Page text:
Teddy Zixuan-Wang: During the quarantine, I was grateful that the dormitory still provided us with water, electricity and cleaning services, and that the university still had security to protect the students living in the dormitory. The number of students living in my dormitory is very small, maybe no more than 20. I don’t like to go out, and I like to play games in the dorm, so it was easy for me to stay in isolation. During the day, I do my homework online. In the evening, I listen to music, play games and use social media to chat with friends. If we want to order takeout, we have to go to the security office to get it. This makes me feel safe, and I support this approach because the social distance is very important.
Q: What changes have been made to dining?
Samm: It’s open at convenient times, 10:30 am to 6:30 pm with a break in between. It’s good enough to get by. I think the small batches are great for quality control and it tastes way better now than before.
Akinsanya: The biggest changes that were made to dining were hours of operation and dining locations. There’s brunch from 10:30 am - 1:30 pm then dinner from 5 pm - 6:30 pm and that’s it. The Eatery (Post hall) is the sole dining location open on campus. Thankfully, the Panther Mart is open from 10:30 am - 6:30 pm.
Wang: We were only allowed to take food with us when we went to the school canteen. Everyone takes turns to go in and order food, but we can’t do it ourselves. The staff will do it for us. The school staff wear gloves/masks and smile. Brunch and dinner are served each day, and there are still drinks, desserts, snacks, vegetables, fruits, meat, fish, eggs, etc.
Q: What is it like taking online classes?
Samm: Online classes are a drag. Like most people I didn’t sign up for online classes when I went to college for a reason, so it’s hard, but it’s manageable. The pass/fail grading option is definitely a plus.
Akinsanya: Online classes are more difficult than I anticipated. As a student who’s accustomed to a classroom environment, it’s hard to engage through a computer screen. It’s like, yes, the world is battling a pandemic and our health, and the lives of loved ones are definitely at risk and it’s been suggested that we’re headed into an economic recession. But I have to now concentrate all my efforts into teaching myself [insert course here] for my online exam on Tuesday. It’s a lot.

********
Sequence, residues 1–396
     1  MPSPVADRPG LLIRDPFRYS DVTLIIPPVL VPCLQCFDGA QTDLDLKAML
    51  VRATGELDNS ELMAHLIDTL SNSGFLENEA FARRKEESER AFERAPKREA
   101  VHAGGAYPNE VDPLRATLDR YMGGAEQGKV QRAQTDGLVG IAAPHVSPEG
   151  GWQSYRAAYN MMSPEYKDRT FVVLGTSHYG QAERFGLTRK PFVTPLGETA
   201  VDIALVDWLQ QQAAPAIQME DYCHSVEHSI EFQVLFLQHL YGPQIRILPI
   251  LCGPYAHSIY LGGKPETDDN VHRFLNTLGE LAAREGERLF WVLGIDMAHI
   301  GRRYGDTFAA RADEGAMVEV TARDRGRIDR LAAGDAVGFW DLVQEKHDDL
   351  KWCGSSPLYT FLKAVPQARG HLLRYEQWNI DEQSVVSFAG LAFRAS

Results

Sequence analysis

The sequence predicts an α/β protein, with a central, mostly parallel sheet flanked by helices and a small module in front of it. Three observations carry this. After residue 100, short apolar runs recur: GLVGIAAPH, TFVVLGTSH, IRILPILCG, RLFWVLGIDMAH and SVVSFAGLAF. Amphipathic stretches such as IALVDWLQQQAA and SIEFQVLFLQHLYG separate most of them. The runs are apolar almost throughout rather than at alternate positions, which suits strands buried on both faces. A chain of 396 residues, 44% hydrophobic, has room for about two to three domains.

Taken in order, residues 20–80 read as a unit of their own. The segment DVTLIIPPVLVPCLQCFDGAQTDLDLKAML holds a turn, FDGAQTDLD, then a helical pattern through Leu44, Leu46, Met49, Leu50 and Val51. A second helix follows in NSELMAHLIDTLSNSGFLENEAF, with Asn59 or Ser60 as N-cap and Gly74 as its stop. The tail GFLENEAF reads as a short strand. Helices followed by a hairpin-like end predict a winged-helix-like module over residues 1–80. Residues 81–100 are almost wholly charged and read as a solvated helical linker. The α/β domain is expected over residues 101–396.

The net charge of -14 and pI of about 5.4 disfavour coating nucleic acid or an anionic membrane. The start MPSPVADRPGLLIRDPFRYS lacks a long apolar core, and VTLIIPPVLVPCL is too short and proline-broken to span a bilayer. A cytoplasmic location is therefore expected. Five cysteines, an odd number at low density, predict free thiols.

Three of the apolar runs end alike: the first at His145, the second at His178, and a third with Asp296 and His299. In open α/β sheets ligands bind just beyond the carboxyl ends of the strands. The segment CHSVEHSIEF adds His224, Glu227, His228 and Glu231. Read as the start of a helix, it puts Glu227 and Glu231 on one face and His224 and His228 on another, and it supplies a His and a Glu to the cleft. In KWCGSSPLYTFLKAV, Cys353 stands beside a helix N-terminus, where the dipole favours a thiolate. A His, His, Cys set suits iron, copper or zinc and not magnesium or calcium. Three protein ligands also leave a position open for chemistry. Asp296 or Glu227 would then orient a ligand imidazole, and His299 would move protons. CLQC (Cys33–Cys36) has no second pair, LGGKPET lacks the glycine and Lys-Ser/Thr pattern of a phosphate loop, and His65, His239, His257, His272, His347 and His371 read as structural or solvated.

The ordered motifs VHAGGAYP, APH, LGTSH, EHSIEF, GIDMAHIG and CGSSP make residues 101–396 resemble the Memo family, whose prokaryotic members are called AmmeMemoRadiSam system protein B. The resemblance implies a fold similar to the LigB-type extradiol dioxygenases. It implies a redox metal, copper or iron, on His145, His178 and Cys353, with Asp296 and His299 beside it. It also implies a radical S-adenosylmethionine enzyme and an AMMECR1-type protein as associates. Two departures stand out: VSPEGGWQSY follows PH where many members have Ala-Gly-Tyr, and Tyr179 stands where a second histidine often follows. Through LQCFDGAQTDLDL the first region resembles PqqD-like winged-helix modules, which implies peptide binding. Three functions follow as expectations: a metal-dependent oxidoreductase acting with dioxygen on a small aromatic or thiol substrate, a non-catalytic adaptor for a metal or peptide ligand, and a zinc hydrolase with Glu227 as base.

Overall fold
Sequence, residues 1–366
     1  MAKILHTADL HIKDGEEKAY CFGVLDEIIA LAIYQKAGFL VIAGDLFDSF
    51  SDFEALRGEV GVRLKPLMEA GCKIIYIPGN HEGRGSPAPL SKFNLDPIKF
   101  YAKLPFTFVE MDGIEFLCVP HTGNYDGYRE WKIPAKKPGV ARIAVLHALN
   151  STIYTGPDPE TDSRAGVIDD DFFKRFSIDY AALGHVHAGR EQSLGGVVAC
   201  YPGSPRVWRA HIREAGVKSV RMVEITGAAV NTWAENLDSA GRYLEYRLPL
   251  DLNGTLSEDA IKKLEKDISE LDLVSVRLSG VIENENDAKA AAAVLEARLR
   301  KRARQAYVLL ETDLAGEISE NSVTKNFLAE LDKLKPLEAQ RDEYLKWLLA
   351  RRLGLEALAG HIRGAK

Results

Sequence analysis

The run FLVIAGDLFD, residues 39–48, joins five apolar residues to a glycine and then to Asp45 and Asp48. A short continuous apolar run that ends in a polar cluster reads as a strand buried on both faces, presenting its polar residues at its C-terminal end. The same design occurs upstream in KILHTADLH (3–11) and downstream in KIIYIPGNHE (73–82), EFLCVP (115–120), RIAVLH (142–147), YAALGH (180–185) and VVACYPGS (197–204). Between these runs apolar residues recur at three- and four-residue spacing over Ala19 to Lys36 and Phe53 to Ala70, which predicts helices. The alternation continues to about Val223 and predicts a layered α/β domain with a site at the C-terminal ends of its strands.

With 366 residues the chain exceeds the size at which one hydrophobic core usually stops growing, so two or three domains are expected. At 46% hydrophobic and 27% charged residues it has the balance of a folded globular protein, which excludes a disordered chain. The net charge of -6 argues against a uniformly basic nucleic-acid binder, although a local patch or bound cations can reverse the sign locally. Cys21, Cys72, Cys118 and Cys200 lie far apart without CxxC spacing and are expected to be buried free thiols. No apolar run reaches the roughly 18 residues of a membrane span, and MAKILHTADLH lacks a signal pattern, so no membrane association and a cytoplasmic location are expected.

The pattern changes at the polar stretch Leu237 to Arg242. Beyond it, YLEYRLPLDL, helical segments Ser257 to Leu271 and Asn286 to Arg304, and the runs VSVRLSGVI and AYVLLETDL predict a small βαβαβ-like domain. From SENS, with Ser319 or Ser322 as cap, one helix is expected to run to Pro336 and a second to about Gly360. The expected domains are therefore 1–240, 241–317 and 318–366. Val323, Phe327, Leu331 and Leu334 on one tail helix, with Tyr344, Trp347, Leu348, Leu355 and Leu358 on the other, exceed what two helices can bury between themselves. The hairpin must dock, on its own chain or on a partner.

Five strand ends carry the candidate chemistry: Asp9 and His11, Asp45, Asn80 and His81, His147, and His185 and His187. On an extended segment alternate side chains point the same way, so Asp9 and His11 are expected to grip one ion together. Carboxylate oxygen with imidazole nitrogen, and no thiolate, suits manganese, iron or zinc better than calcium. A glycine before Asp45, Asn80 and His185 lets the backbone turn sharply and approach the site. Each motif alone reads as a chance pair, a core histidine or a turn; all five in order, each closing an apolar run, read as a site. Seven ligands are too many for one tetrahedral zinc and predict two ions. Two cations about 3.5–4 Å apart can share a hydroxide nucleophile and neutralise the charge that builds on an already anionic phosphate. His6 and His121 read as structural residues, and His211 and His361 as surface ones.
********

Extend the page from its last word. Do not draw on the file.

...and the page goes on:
Wang: Online classes are so interesting that I now even want to have online classes forever in the future. I meet professors on Zoom at appointed times. Sometimes answering questions in online classes can be nerve-racking because I need to turn on the camera and answer questions. Yet, missed classes can be watched on video, which I think is great.
Q: How do you communicate with people back at home about your well-being on campus? What are their concerns?
Samm: Everyone at home that I talk to are just waiting for me to come home. We are all in the same boat, so it’s hard for them too, but we get by with our antics, just continuing to behave as normal despite the circumstances.
Akinsanya: My family and I call each other to check in. Their concerns are mainly for my health.
Wang: I talk to my mother on the phone every day. My father listens to my mother and my mother is not worried about me at all because she thinks the school is very safe. In fact, the school is now much safer than any other area. Because there are only students and staff in the school, we can live without leaving the school, and the school has sufficient supplies.
Q: Do you think students will be able to come back in August?
Samm: I think by the latest Adelphi should open is September, and that regardless they should host commencement for the senior class. If I were to pay for four years of college I would want to walk across a stage.
Akinsanya: I can’t provide a direct response because I can’t predict how long this pandemic will last. However, I can hope that this will be all behind us by then and if so, then I would say: come back better and stronger.
Wang: I think students can go back to school in August in the US. As I know, schools in China are starting back after three months of online classes. So, I guess we can go back to Adelphi in August.
These students aren’t the only ones who hope that things will return to normal next semester. Bakari said, “We look forward to seeing all of our students return when it is deemed safe.”